Last week, State Senator Brad Hoylman, a frequent critic of his own chamber in Albany, posted a photo of that very chamber on his Twitter feed. It would likely be the last photo he’d be posting of the place, he revealed, thanks to a new rule voted in by the Republican majority to ban photo-taking there by anyone except official Senate photographers. This means lawmakers, members of the press and members of the public will from now on be made to ask permission first any time they think it’s important to record a moment, whether it’s of a vote or debate or any other relevant thing happening.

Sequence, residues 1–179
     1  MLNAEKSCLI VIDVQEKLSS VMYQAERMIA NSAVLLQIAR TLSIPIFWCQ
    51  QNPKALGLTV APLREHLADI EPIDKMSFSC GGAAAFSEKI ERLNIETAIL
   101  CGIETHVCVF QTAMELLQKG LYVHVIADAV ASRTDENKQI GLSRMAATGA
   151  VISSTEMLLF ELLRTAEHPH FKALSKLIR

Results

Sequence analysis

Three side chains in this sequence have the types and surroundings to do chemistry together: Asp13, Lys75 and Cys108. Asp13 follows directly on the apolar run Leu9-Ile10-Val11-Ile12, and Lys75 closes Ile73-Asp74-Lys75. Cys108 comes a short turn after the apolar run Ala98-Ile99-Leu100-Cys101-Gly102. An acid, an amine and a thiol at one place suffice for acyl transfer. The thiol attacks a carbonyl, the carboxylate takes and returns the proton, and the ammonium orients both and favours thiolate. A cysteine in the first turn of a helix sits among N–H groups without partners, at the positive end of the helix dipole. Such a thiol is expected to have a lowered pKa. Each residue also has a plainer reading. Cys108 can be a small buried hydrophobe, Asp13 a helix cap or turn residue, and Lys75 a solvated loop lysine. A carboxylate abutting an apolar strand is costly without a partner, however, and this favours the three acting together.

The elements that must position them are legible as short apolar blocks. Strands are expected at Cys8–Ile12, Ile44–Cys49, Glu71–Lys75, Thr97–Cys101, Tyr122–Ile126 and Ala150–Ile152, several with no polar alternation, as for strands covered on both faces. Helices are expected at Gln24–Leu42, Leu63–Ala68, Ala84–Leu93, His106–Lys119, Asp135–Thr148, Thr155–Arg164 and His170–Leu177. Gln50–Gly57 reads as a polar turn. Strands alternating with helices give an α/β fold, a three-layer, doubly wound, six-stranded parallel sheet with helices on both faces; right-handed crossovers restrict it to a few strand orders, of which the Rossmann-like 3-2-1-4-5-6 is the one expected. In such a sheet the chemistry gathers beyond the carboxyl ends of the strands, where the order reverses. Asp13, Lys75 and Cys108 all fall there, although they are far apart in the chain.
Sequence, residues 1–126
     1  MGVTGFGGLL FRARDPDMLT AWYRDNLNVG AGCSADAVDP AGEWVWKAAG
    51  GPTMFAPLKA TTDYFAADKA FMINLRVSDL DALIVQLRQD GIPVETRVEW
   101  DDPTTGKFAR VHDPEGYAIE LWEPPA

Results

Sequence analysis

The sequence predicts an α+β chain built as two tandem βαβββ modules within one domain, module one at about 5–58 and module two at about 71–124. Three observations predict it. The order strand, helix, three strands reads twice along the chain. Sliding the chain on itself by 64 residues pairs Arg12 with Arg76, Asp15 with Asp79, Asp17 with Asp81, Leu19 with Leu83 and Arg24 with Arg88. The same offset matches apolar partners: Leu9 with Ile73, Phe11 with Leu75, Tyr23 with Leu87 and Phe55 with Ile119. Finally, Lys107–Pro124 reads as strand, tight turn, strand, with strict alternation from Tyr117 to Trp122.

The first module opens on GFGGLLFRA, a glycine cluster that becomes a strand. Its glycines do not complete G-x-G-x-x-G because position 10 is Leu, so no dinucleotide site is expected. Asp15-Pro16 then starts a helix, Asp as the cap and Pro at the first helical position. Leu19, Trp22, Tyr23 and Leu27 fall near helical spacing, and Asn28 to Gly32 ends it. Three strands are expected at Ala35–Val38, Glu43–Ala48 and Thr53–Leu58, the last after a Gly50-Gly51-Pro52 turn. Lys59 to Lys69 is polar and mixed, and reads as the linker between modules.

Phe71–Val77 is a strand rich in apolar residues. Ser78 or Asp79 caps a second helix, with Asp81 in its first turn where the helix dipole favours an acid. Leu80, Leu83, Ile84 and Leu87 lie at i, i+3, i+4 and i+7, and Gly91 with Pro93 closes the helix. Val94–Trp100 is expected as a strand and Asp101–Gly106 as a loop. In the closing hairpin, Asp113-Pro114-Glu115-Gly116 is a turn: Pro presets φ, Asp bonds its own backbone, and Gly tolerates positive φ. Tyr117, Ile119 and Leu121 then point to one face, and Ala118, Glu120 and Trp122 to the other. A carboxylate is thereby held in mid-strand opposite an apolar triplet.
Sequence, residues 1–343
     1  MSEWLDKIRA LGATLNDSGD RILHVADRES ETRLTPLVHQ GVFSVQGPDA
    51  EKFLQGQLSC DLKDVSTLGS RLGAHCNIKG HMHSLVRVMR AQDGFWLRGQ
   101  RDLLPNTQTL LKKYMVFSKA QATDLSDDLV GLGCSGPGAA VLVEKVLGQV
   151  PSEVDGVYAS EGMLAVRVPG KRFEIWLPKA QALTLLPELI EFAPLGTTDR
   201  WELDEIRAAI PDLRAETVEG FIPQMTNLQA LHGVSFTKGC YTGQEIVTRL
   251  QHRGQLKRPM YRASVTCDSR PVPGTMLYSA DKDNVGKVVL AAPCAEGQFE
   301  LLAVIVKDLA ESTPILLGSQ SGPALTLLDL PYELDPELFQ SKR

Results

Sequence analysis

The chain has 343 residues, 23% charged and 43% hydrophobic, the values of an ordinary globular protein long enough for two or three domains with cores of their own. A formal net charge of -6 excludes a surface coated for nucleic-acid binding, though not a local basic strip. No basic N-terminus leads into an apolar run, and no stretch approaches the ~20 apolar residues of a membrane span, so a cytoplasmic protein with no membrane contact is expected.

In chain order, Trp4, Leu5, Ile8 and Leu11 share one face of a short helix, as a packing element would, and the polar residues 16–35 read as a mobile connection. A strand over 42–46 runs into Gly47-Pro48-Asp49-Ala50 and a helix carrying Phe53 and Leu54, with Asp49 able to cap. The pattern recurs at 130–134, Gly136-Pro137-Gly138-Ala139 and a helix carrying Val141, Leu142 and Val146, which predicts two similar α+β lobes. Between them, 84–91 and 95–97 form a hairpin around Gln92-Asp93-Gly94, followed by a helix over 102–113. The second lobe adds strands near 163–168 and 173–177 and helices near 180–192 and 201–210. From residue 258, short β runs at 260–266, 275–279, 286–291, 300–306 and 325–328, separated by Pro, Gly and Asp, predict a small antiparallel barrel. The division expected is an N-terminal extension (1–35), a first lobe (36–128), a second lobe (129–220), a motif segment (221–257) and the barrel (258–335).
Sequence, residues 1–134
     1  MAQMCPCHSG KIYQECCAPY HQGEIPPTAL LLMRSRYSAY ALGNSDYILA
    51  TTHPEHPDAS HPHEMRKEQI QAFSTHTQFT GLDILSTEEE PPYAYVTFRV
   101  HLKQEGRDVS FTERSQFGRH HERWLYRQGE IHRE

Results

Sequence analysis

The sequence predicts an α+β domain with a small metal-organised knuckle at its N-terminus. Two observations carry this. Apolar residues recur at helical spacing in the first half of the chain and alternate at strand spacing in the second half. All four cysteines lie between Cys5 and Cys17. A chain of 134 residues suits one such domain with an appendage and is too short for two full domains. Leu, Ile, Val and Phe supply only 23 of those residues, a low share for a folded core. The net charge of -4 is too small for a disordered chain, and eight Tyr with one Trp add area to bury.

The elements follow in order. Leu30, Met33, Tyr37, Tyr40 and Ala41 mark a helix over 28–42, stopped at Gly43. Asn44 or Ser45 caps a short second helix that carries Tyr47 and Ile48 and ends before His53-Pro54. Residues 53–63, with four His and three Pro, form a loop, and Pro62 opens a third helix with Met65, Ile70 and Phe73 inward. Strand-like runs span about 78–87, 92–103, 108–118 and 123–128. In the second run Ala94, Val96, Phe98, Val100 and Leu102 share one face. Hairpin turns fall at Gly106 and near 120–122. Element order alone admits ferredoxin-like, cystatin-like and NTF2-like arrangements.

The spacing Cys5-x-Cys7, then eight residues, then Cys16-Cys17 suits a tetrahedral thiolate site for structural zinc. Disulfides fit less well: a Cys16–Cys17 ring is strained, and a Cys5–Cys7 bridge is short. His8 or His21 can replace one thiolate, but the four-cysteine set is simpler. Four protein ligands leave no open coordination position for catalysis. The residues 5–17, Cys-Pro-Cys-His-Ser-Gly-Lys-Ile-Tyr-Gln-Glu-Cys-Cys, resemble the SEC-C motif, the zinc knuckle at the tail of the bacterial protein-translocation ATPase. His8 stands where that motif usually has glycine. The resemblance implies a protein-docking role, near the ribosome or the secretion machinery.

The vote came shortly after Congress proposed a similar policy to fine members for taking photos or livestreaming from the House floor.
The reasoning for the Senate rule, according to its sponsor, is that photo-taking and other cell phone use is disruptive during proceedings.
Fortunately, Hoylman has recognized this weak argument for what it is, an excuse to further shroud the legislative process in secrecy, since apparently having all major decisions impacting the state made by three men in a room just isn’t enough. Asked what inspired his colleagues to start 2017 with even less transparency than in prior years, Hoylman guessed it has to do with the fact that sometimes, other than candid photos of hands in the air that end up on social media, there’s no publicly available record of who voted for what. And many would like to keep it that way.